SCRATCH A psychiatrist, and underneath you find a writer. In the case of Robert Coles, you find maybe four or five writers.

There's the essayist of The New Republic and The New Yorker , where parts of this work first appeared. There's the social historian of the Children of Crisis books. There's the poet of A Festering Sweetness , and there's the children's writer of Dead End School . There's also the literary critic of Irony in the Mind's Life and William Carlos Williams: The Knack of Survival in America .

For his thirtieth book (how does he do it all?) the psychiatrist and professor at Harvard Medical School wears his hat as literary critic and gives us a knowing, if almost adulatory, study of the writings of Walker Percy. Another literary physician, but one who hasn't practiced for around 30 years, Percy is the author of four novels (The Moviegoer, The Last Gentleman, Love in the Ruins, Lancelot ) and a collection of essays on language, existentialism, and neo-Catholic philosophy called The Message in the Bottle .

Reading Percy marked a turning point in Coles's life. In the summer of 1960, Coles had been discharged from the Air Force in Mississippi and was trying to decide whether to study the lives of black children caught between oppression and social change, or, perhaps, play it safe with medicine. He came upon The Moviegoer , Percy's existentialist novel about a listless New Orleans stockbroker who avoids life by attending movies.

"Walker Percy's novel gave hope to me, helped me feel stronger at a critical time, when I was somewhat lost, confused, vulnerable, and, it seemed, drifting badly."

He adopted Percy then as a mentor, and Coles himself has subsequently become something of a Christian existentialist, judging from his latest book and the essays of The Mind's Fate .

"I have relied upon Dr. Percy's ideas constantly," Coles writes, "to the point that I can scarcely imagine how I would have thought about either my own life or the lives of the children, parents, teachers I have met (in order to write Children of Crisis ), were he to have decided, long ago, to keep his important and instructive thoughts to himself."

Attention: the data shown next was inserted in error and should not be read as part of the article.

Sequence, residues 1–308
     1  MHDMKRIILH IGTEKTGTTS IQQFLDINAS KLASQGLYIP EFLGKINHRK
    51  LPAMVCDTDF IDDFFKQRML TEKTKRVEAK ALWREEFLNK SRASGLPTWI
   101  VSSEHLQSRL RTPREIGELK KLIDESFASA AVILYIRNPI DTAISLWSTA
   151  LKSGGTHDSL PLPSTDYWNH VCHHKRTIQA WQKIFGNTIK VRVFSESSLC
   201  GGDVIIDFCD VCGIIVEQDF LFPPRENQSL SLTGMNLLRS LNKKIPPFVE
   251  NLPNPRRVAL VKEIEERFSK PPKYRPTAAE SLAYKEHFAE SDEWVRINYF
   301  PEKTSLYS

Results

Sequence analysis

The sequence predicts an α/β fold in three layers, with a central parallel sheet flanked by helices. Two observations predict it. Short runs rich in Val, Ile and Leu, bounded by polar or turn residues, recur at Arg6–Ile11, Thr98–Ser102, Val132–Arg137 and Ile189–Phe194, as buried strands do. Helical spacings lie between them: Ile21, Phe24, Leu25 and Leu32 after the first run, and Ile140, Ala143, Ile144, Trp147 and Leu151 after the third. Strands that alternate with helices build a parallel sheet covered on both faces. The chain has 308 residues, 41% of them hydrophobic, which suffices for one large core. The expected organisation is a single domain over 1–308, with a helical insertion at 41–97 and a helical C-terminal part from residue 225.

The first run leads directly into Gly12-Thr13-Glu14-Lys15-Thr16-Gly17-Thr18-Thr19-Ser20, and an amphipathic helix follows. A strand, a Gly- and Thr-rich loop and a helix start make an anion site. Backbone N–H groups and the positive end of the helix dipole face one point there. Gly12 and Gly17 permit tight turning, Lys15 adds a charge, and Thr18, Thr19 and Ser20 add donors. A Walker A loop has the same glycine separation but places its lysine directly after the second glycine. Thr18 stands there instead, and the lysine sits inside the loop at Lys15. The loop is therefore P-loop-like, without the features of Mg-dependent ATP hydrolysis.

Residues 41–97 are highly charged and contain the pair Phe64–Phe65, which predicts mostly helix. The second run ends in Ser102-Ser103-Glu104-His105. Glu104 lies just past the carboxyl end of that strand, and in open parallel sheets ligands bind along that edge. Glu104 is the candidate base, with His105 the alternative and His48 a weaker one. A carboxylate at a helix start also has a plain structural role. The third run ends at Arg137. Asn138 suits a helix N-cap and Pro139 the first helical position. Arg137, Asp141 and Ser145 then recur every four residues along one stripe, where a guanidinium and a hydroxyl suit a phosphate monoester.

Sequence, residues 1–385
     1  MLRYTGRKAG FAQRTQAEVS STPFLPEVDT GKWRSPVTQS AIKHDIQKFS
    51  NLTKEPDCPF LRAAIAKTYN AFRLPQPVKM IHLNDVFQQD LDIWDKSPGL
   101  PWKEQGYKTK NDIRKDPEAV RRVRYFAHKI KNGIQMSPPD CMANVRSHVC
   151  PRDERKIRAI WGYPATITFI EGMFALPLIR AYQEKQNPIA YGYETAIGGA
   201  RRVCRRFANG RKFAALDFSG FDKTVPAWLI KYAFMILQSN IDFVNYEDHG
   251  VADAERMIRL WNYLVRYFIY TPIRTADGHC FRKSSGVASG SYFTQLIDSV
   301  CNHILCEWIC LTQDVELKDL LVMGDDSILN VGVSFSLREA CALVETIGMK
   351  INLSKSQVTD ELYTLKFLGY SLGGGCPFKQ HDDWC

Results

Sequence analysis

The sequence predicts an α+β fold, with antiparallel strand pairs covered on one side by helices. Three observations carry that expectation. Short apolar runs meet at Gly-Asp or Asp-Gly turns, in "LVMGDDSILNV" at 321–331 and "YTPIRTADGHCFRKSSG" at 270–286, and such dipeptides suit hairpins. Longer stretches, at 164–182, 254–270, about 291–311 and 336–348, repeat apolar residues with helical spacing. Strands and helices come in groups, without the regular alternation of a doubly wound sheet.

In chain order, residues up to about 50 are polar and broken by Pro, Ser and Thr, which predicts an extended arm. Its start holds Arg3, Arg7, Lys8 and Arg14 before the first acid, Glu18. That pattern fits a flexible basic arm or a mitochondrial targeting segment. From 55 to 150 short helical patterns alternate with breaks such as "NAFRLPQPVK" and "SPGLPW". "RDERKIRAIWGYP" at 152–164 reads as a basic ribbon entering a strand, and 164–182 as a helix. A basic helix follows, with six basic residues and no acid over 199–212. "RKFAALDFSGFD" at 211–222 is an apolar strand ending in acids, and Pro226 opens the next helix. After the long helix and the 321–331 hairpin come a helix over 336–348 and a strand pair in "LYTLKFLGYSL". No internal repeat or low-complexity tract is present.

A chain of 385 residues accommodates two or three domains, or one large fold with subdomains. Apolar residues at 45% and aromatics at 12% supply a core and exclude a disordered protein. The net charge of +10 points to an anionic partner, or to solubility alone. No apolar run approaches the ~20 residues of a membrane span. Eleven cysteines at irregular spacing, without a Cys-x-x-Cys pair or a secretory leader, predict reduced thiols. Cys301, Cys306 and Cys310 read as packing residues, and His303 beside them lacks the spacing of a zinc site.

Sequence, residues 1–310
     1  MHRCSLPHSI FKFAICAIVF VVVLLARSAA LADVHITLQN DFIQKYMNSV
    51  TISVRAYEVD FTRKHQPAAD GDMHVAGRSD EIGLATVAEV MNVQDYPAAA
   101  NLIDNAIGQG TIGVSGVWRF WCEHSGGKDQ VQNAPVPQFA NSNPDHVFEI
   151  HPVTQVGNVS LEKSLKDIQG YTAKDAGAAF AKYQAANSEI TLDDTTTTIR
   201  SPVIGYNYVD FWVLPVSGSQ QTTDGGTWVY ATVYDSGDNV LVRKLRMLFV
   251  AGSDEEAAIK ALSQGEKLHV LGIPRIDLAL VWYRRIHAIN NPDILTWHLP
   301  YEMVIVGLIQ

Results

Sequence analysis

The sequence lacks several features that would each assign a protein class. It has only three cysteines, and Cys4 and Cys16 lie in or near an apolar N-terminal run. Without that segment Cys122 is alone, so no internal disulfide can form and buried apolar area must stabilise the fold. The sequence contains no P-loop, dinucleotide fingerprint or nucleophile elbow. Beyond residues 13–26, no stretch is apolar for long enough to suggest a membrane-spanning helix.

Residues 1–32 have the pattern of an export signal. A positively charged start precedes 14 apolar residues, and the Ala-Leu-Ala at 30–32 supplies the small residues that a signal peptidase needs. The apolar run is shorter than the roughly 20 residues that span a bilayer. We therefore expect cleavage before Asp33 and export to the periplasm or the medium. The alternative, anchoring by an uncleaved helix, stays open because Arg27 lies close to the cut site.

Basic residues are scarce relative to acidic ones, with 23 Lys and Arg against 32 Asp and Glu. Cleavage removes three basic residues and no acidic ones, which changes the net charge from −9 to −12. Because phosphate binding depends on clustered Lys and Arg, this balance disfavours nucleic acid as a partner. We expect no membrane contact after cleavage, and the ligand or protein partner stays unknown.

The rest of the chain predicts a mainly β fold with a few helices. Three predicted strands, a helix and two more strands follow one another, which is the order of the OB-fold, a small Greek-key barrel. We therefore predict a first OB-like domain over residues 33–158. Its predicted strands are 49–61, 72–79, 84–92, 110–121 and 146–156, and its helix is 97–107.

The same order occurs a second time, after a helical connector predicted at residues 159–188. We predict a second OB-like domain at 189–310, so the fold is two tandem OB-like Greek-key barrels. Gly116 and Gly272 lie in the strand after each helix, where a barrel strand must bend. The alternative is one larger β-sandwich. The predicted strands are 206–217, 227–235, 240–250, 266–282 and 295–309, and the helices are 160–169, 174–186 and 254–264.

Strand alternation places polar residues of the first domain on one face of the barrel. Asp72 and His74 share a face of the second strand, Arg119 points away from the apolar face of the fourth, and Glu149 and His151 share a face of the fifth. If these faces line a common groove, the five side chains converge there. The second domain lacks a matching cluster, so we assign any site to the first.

There are, of course, almost as many varieties of existentialism as there are of squash. Coles weighs them carefully, educating us in the subtleties of their quests for meaning in life, before placing Percy to the right of both Camus, with his ultimate philosophical question of suicide, and Sartre, with his "nothingness as the prime reality." Coles settles Percy in the less painful Christian shades of Gabriel Marcel's "communion of selves" where he can engage in Soren Kierkegaard's less fatal maneuvers of "rotation" and "repetition."

Detached but not quite coming apart, Percy's heroes vacillate betwen boredom and inaction -- often comically and ironically -- and grow ever more anxious as they come closer to others. They are existentialist ideas become human, says Coles, as he matches them with their cousins in Kafka's Amerika or Dostoevsky's The Brother's Karamazov . They are walking recluses. In their world, as Hegel said, everything has been figured out, except how to live. They suffer from a malaise or a wasted passion -- the terms come from both Sartre and Percy -- to know what cannot be known about the meaning of life. Unable to perceive any grand drama, except a promised death, they excuse themselves from even the sideshow. And no commitment means no danger.